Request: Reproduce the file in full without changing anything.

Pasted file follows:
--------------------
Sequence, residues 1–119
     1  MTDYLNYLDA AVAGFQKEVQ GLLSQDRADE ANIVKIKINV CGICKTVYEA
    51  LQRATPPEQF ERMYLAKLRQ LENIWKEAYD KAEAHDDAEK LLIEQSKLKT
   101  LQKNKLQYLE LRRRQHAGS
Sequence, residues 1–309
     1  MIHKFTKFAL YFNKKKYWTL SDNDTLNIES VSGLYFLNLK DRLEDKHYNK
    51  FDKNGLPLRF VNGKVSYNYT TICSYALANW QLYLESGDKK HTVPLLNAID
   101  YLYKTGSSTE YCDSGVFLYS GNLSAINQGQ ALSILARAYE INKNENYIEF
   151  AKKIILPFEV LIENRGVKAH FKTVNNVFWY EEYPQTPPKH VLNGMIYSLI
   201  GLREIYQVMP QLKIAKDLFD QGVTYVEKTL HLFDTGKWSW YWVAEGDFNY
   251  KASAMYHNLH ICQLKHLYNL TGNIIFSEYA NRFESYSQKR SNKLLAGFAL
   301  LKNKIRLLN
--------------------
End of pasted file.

Sequence, residues 1–119
     1  MTDYLNYLDA AVAGFQKEVQ GLLSQDRADE ANIVKIKINV CGICKTVYEA
    51  LQRATPPEQF ERMYLAKLRQ LENIWKEAYD KAEAHDDAEK LLIEQSKLKT
   101  LQKNKLQYLE LRRRQHAGS
Sequence, residues 1–309
     1  MIHKFTKFAL YFNKKKYWTL SDNDTLNIES VSGLYFLNLK DRLEDKHYNK
    51  FDKNGLPLRF VNGKVSYNYT TICSYALANW QLYLESGDKK HTVPLLNAID
   101  YLYKTGSSTE YCDSGVFLYS GNLSAINQGQ ALSILARAYE INKNENYIEF
   151  AKKIILPFEV LIENRGVKAH FKTVNNVFWY EEYPQTPPKH VLNGMIYSLI
   201  GLREIYQVMP QLKIAKDLFD QGVTYVEKTL HLFDTGKWSW YWVAEGDFNY
   251  KASAMYHNLH ICQLKHLYNL TGNIIFSEYA NRFESYSQKR SNKLLAGFAL
   301  LKNKIRLLN